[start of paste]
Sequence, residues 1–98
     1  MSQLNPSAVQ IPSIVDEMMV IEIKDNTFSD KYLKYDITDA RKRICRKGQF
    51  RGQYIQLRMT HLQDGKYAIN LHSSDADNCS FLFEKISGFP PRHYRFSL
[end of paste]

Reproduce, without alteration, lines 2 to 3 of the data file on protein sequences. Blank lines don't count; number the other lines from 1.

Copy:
     1  MSQLNPSAVQ IPSIVDEMMV IEIKDNTFSD KYLKYDITDA RKRICRKGQF
    51  RGQYIQLRMT HLQDGKYAIN LHSSDADNCS FLFEKISGFP PRHYRFSL